Nine Musicians/Bands I Love:

10. The Wiggles (hey, it's the only concert I've been to in the last 5 years!)

9. Green Day

8. Princess and the Frog Soundtrack

7. Sandra Boyton's "Philadelphia Chicken"

6. Swing Music

5. Cajun/Zydeco Music

4. The Rolling Stones

3. The Beatles

2-1. I don't have anything else--I don't listen to music anymore!


Eight Things You Do Everyday:

8. Feed my daughter

7. Feed my husband

6. Feed my face

5. Read blogs

4. Drive my daughter around town.

3. Grocery shop

2. Surf on the internet

1. Do covert spy operations


Seven Things I enjoy:

7. Dancing

6. Surfing the Internet

5. Watching my daughter do amazing things

4. Blogging

3. Eating chocolate

2. Watching Ghost Hunters or Destination Truth

1. Exercising (I'm not always being truthful on this).


Six Things that Will Always Win My Heart

6. Comments on my blog

5. Thousands of followers on my blog

4. My daughter's smile

3. Jewelry

2. Finding $20 in my coat pocket the first time I wear it for the season

1. Sleeping in


Five Favorites:

5. Movie: Raising Arizona

4. Song: Single Ladies (between the video of the kids dancing, the Chipmunk Sequeal Movie, and the Sex and The City 2 movie, I can't get this song out of my head!)

3. Book: Janet Evanovich's Stephanie Plum series!--I love junk reading!

2. Band: The Beatles

1. Color: Pink


Four Smells I Enjoy:

4. Popcorn popping

3. Cake baking

2. Cookies baking

1. Cinnamon rolls baking


Three Places I Want To Go:

3. Alaska

2. Hawaii

1. Bora Bora


Two Animals I Love

2. Dogs

1. Cats


One Person I'd Marry on the Spot

1. George Clooney! (Just kidding! I'd marry my hubby...Oh wait a minute...I already did!)

Friday, June 4, 2010

Don't Follow the Script!

Today is the last day to vote in Scholastic "Parent and Child" Magazine top parent blogger contest! Voting ends at midnight EDT (That's 9:00 pm for West coast folks!). If you've already voted, thanks! If you haven't voted yet, click on the 2010 Top Parent Blogger button at the left and vote away! In my mind's eye, I'm behind, so every vote counts!

Now back to the regularly scheduled blog...

I received a question on my blog yesterday from a reader wondering how to solve a situation with her high-functioning autistic daughter. She's pretending to be a character from High School Musical for the past year. This question was so up my alley because my daughter does the same thing, and I don't think I've blogged about this before!

Not long after my daughter turned 3, she started to pretend to be certain things or people. It started at her My Gym class when she'd hang upside down on the rings and yell out, "I'm a caterpillar forming his chrysalis!" This caused us all to laugh, and the My Gym coaches would rave about how smart and creative my daughter was! The charm started to leave, however, when my daughter started doing this all the time! She'd pretend to be characters from TV shows, books, or things she'd see in the real world. After going to Sea World, she pretended to be Shamu. After she got tired of that, she'd pretend to be Shamu's trainer. One particularly embarrassing time was when she was pretending to be the trainer and went to a friend's birthday party. When the mom opened the door, my daughter yelled out, "Hello, Shamu!" Yikes! Luckily, the mother took the greeting with good humor, commenting on how creative my daughter was.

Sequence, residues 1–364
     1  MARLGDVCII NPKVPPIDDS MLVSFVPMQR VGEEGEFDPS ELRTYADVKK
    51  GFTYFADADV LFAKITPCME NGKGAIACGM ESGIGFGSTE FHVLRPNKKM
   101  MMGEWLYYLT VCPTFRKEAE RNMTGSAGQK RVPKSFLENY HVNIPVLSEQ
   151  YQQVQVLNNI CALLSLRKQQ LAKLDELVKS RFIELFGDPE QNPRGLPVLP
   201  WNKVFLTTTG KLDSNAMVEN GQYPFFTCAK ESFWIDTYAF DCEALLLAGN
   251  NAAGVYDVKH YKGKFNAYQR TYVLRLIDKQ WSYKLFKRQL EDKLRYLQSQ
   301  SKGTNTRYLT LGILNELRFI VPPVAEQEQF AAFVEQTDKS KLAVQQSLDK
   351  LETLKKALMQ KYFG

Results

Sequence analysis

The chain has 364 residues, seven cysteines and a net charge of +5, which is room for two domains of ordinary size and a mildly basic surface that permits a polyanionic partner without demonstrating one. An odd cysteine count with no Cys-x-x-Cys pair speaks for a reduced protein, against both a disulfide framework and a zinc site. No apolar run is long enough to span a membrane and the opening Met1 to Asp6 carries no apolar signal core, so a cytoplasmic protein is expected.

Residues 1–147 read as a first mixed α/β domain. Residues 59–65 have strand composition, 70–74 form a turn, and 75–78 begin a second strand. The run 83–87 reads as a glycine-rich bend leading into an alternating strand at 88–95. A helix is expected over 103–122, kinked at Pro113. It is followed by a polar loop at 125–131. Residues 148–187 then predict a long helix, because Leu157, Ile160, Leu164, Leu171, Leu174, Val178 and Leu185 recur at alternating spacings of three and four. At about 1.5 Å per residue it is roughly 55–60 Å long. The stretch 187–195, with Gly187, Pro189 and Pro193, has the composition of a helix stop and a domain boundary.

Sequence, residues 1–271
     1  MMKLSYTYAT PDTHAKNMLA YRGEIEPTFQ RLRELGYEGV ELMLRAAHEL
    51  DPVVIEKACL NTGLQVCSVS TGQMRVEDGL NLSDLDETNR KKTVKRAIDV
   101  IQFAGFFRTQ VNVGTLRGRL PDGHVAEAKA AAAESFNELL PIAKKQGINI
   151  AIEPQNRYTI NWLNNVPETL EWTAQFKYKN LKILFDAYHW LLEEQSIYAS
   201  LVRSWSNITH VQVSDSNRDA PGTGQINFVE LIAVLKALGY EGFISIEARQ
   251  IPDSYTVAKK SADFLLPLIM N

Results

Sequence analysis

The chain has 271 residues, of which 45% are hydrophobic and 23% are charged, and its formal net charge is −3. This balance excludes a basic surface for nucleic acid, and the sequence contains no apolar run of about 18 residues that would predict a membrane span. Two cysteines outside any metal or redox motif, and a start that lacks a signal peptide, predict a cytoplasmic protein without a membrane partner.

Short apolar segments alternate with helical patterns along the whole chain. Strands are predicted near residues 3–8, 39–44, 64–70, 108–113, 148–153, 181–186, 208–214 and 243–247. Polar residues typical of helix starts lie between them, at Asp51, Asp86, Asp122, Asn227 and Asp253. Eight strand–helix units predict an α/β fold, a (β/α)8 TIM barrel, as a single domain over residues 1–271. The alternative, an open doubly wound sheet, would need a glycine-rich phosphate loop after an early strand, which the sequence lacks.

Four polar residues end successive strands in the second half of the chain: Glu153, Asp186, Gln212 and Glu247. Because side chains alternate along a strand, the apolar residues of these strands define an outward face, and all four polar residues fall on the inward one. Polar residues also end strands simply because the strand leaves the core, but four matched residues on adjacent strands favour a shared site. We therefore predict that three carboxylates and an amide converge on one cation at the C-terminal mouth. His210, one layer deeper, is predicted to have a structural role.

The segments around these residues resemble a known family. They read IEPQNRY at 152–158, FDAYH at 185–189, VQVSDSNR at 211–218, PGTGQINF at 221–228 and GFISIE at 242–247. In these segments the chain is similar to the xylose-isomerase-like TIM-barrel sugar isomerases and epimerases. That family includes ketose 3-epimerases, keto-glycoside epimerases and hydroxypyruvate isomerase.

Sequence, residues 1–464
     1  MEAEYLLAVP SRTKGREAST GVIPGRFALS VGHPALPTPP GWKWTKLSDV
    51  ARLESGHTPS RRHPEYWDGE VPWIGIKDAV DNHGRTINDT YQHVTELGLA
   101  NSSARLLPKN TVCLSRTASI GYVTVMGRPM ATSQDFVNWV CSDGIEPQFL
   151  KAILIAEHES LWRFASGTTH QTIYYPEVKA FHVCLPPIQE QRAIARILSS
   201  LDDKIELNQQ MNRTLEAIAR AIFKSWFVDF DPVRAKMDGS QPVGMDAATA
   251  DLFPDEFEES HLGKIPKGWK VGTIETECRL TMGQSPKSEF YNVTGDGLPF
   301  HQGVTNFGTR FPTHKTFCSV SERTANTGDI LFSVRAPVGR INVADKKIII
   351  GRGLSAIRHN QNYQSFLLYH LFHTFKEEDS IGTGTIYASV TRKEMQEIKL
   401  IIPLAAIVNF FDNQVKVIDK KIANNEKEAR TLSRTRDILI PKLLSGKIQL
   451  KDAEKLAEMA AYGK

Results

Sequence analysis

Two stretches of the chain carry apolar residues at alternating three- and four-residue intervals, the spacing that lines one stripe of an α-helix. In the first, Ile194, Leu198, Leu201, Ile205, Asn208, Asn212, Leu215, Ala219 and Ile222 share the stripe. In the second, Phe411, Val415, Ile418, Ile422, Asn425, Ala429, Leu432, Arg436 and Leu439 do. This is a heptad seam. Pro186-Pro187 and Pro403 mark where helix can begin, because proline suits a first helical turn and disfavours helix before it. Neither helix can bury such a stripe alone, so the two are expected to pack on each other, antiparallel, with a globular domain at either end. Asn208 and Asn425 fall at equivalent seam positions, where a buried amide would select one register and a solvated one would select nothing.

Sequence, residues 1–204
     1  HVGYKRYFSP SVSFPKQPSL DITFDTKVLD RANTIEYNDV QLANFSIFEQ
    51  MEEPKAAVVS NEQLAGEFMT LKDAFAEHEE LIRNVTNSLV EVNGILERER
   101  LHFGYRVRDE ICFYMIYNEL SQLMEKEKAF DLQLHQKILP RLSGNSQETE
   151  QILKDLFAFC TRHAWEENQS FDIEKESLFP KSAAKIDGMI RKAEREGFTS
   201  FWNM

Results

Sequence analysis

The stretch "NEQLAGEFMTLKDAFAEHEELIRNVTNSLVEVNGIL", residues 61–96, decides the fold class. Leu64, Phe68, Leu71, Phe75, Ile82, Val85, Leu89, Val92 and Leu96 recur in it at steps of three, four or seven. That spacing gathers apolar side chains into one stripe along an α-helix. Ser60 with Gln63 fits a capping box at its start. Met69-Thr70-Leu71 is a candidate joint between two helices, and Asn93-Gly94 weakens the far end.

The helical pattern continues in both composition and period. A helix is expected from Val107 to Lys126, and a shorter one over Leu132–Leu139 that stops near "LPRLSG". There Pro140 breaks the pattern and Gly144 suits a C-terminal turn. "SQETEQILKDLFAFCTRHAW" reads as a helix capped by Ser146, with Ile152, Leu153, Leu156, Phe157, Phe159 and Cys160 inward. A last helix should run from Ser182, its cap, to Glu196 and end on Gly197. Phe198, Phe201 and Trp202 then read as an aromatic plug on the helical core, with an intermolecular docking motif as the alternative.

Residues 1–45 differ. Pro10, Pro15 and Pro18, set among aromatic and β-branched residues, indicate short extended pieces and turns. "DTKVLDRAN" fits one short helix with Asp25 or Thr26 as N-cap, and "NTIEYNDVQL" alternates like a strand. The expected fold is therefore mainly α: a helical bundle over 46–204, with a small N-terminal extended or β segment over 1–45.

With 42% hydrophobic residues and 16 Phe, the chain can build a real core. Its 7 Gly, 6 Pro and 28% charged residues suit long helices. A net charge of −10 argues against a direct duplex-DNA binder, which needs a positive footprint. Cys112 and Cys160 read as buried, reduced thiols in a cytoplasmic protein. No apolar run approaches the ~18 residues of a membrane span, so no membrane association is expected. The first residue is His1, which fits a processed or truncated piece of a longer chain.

Her constant pretending to be anyone but herself got really annoying. She'd have huge tantrums if anyone dared to call her by her actual name. I quickly realized that this wasn't going to fly when she went to kindergarten, so I knew I had to curtail this behavior fast! I set up some rules that when she was in preschool, she had to go by her name. This was often met with protest.

It was around this time--at age 4 1/2--that we had her assessed for autism. The psychologist who did the assessment told us that what our daughter was doing was called scripting. It's pretty common in high-functioning autistic/Asperger children. Ironically, as creative as it had appeared, she was doing it because she couldn't play creatively! So, she was recreating what she saw on TV, or read in books, or saw in real life. For her, that was how she was able to play.

One of the things we did was use her scripting as a springboard to creative play. So instead of recreating an episode of Curious George, for example, we would use the same characters and create new adventures. My daughter had a hard time doing this at first, but over time she was able to come up with some good ideas.

Another thing we had to work on was her overall rigidity. We found that getting her to be more flexible about things helped with the scripting. Not only would she not have tantrums if people called her by her name, but we were also able to introduce new characters to help with the original story lines. For example, when she wanted to play A Bug's Life, she would generally want to be Flik, the lead character ant. I'd want to be Roachie, a character I invented. My daughter hated Roachie at first, but she eventually liked the new character!

We received a lot of help with the rigidity issues through U.C. Santa Barbara's Koegel Center for Autism. (As an aside, if you are near a university that does research on autism issues, you need to get involved in any of the studies, if you can!). We consulted a few times with Lynn Koegel who is absolutely fabulous! She referred us to one of her PHd candidate students that was doing a study on rigidity in kids with autism. My daughter qualified for the study! Yay! The program used in that study really help her rigidity decrease a lot! It was an amazing difference. This study was key in decreasing the scripting!